Dragonfly Nymph

© 2000 by Image Quest 3-D
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Photograph by Peter Parks

Dragonflies, Order Odonata, are amongst the largest and most conspicuous of British insects, and are familiar creatures around freshwater. They are instantly recognized by their fast, whirring flight and often vivid colouration - red, yellow or metallic blue or green. Although in the past they have been attributed with various sinister abilities they are harmless to man - they cannot sting - and their diet, which includes many noxious insects such as mosquitoes and biting midges, must be positively beneficial. They hunt entirely by sight, using enormous compound eyes.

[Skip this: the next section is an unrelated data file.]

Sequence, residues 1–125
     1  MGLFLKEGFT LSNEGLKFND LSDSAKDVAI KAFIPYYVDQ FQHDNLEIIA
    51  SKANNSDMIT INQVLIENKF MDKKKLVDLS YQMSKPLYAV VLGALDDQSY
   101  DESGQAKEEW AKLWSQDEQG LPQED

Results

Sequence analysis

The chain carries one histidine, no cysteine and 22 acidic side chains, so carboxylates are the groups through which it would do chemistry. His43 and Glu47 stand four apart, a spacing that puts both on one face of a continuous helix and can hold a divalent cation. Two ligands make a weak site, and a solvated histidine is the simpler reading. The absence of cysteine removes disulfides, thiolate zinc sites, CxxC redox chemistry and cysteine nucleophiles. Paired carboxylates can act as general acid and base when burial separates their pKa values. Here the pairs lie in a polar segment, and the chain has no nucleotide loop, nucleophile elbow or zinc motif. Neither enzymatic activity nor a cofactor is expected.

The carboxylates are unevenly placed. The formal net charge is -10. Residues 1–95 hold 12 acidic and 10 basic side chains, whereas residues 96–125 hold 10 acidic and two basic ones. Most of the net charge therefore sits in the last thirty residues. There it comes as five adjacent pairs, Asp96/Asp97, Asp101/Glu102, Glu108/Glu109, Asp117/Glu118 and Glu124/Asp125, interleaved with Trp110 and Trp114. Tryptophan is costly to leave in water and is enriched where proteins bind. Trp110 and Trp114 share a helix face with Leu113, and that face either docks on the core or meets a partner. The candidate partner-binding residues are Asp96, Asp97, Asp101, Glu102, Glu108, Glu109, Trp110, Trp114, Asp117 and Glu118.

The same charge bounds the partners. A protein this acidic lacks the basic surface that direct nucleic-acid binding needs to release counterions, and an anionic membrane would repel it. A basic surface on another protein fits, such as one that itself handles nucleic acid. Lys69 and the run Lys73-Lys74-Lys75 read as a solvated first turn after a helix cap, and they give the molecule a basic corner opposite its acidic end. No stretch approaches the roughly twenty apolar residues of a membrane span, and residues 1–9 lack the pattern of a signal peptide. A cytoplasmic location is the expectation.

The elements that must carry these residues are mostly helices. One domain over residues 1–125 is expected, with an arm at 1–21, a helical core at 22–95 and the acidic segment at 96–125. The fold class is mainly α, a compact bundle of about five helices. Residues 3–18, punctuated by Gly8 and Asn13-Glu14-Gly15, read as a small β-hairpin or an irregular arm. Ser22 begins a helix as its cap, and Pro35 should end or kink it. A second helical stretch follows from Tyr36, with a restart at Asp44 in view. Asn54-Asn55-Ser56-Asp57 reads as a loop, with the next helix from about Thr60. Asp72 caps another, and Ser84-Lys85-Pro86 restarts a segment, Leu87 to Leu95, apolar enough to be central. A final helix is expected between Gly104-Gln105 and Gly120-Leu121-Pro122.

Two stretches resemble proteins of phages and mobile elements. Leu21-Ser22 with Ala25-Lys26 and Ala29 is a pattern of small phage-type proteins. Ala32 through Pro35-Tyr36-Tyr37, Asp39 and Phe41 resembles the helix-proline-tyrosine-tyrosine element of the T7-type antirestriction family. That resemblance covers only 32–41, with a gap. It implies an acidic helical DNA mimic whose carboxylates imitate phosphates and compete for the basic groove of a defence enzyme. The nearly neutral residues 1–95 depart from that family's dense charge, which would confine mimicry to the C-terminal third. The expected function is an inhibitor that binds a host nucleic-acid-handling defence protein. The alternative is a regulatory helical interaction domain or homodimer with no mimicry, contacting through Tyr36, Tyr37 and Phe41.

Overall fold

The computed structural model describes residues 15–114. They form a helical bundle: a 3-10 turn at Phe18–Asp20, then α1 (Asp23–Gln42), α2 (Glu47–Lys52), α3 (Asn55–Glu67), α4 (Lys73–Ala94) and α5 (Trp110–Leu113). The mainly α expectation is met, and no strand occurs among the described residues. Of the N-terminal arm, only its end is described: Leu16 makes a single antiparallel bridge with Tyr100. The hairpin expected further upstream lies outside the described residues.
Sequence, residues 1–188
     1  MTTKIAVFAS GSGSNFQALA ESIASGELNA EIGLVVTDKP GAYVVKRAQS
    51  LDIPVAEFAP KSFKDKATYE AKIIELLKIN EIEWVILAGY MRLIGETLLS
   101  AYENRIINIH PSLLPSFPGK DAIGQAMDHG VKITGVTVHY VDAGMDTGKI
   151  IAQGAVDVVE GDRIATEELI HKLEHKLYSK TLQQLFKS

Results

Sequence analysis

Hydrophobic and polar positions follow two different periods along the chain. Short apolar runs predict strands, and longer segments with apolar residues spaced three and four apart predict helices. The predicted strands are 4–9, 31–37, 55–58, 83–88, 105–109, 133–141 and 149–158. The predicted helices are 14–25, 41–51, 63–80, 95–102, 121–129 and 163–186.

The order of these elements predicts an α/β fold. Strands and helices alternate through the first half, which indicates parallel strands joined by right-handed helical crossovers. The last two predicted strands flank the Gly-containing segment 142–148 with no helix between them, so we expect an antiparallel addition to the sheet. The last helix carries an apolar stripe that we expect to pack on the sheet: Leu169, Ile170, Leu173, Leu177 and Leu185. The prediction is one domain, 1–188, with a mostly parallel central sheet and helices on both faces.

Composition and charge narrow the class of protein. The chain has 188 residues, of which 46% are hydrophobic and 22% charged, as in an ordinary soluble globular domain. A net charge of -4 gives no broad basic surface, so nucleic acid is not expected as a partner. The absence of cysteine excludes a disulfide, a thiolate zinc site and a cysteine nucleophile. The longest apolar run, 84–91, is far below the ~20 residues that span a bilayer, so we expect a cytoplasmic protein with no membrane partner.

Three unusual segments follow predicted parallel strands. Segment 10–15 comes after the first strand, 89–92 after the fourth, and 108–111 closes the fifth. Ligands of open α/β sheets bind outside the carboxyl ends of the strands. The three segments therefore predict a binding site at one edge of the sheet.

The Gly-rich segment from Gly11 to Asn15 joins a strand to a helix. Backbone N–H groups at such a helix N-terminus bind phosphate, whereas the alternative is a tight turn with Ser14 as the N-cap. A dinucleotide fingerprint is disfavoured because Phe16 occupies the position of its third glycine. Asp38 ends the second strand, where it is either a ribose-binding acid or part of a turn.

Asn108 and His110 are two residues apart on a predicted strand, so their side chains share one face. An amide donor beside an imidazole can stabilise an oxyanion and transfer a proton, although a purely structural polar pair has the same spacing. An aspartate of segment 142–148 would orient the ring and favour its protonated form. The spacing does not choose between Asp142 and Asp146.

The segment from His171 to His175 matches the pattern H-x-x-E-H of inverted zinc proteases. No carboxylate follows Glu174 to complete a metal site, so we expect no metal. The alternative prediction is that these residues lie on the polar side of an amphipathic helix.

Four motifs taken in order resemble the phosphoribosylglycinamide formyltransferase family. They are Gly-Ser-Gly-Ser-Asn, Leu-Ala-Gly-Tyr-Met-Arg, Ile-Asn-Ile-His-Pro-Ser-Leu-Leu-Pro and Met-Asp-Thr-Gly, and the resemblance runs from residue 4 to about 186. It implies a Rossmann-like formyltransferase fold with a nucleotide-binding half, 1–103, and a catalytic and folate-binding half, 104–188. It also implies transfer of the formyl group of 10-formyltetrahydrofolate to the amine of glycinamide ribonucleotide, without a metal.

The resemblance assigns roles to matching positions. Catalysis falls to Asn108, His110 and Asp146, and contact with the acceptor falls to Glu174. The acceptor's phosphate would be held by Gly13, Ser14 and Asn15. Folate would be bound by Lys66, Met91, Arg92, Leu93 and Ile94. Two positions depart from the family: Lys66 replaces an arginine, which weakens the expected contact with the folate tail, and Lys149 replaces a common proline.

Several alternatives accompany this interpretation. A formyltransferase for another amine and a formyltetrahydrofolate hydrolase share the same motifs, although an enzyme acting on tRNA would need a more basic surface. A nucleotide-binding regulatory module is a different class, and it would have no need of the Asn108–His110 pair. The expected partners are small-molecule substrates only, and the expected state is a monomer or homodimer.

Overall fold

Following courtship and mating 'on the wing', dragonflies deposit their eggs within or alongside freshwater vegetation. The eggs will hatch in two or three weeks into the nymph development stage, as seen here. The nymphs have an unusual looking hinged protrusible 'mask' that is used of prey capture. Nymphal life lasts from one to five years, depending on species and climate. Emergence, the final moult from nymph to winged adult, takes place out of water and usually during the night. The newly emerged insects are dull in colour and do not attain their full coloration for two or three weeks, at which time they also become sexually mature.

 

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2001 by Image Quest 3-D
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